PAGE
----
Advising shareholders on company exits

Advising shareholders on company exits
We have recently acted for various clients on a number of business exits. In some cases, our advice has been directly on the sale process and documents: navigating the client through what can feel like an uncharted sea of due diligence and seeking the best and cleanest terms for their departure. In others, we have advised clients on difficult and contentious issues arising after a business sale. This note is to share some high-level observations.

When it comes to acting for shareholders on a sale, our mantra has been to emphasise the importance of preparation and to understand the negotiating position of the parties. Preparation involves time and the opportunity to truly understand the client’s business and objectives. Negotiation involves knowledge of the other side (in our experience this is generally the buyer). Some knowledge comes from experience: we have acted in enough transactions to be able to anticipate the core needs of financial and strategic buyers. But being able to know what other questions to ask, and to be confident enough to ask them, can make all the difference.

When acting for clients after a sale, we often see the same issue coming up time and again. Our client, often for very good reasons, is due a series of payments. The buyer is reluctant to make those payments as the business changes after purchase and during post-transaction integration. Our role is to protect our clients from factors that are often out of their control and to remind the buyers of the obligations that they accept on taking over a business where the seller expects further consideration for their shares. In these examples, drafting terms that truly reflect the intentions of the parties and the business plan is essential. In order to do that, we often need to go fairly deep into that plan and assess the risks that are inherent in it.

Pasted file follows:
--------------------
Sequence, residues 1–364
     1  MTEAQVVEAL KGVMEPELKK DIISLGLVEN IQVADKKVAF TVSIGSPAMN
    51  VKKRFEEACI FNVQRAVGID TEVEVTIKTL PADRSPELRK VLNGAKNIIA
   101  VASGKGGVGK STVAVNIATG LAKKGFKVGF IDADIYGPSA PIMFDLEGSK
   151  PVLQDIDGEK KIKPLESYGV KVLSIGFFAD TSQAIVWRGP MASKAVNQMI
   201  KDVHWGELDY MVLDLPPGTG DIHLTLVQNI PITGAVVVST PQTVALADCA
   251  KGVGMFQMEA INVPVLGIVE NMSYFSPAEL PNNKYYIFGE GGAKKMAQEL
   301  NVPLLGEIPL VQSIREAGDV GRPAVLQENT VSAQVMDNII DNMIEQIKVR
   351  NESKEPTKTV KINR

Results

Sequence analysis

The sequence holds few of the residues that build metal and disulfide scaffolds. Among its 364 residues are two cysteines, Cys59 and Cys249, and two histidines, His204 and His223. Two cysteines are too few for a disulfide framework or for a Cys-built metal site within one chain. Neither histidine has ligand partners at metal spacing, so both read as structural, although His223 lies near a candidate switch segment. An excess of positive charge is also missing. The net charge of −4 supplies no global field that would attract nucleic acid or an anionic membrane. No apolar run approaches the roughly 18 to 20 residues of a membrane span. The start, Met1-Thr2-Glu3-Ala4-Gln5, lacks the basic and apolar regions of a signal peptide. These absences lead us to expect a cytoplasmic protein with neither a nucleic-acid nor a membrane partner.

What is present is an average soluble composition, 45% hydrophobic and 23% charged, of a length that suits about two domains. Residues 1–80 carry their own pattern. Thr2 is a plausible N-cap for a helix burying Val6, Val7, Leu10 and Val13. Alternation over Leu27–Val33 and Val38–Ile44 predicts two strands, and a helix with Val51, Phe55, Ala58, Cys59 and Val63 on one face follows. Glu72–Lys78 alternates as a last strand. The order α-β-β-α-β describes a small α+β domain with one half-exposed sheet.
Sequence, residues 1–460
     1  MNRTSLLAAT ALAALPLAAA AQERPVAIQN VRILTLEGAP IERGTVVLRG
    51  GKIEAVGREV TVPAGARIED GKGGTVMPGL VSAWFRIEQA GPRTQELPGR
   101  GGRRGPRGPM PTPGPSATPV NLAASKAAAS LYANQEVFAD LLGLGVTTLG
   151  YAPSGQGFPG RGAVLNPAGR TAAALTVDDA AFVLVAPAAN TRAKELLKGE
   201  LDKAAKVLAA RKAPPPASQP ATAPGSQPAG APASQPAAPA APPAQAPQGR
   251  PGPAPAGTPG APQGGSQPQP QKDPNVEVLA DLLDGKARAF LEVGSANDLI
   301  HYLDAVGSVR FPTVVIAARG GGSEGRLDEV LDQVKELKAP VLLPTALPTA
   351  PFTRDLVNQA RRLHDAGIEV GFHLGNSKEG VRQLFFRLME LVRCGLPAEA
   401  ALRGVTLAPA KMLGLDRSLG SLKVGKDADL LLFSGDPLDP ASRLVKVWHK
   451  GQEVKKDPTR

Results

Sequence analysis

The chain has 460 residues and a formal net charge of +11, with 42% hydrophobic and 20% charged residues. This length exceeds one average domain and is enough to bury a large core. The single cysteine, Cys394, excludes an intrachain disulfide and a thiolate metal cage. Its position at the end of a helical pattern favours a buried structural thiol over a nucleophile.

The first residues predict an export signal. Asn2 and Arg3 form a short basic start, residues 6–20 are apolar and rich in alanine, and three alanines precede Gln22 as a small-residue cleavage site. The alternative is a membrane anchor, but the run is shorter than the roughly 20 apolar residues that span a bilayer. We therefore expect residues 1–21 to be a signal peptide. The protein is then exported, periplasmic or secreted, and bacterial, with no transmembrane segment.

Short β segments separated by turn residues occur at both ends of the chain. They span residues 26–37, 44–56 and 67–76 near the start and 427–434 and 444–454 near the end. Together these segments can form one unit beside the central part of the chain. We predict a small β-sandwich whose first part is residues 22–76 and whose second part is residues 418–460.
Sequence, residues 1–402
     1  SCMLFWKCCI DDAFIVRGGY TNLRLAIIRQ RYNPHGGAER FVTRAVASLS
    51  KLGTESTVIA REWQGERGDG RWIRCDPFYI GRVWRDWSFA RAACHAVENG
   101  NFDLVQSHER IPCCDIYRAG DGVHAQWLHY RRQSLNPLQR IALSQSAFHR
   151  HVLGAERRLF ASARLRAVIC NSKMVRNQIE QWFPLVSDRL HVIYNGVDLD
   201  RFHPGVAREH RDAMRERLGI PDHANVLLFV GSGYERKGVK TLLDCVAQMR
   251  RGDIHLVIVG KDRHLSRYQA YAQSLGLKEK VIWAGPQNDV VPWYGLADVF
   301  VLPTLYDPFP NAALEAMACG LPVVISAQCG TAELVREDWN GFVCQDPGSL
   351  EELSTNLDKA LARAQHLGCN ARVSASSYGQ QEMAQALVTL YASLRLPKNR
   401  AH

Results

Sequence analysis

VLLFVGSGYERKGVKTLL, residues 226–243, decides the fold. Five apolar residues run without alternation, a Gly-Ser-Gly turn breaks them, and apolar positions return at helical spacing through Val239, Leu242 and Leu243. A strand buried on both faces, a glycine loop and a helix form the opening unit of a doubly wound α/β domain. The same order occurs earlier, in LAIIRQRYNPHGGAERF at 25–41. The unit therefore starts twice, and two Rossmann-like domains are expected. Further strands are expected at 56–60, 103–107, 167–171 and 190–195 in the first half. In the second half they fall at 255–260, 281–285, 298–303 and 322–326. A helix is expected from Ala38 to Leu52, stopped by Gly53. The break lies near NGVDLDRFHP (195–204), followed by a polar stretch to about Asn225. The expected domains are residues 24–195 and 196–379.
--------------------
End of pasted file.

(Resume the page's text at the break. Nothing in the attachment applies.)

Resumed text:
Our mixed practice gives us an advantage in handling these kinds of engagement. Our principals both advise on transactions and also on disputes. This range of experience is becoming far less common among lawyers in the present day. We are certain that our own time as principals in growth businesses gives us a far deeper understanding of real business issues than many of our competitors. And our expertise in handling disputes as litigators gives us a further edge: we know first hand how easy or hard it can be to prove an argument with evidence, and the cost of getting these things wrong.

Although corporate activity has clearly dropped off in recent months with the cold wind resulting from events in Ukraine, the rise in inflation and other sources of instability, it will come back. At MDS Advisory we are always delighted to be able to assist our clients in preparing and then negotiating their exits. If we then need to stand with our clients in resolving disputes that arise after the event, we are invariably willing and able to do so.

Please contact Adam Oliver on if you would like to discuss your business sale or any relevant corporate matter.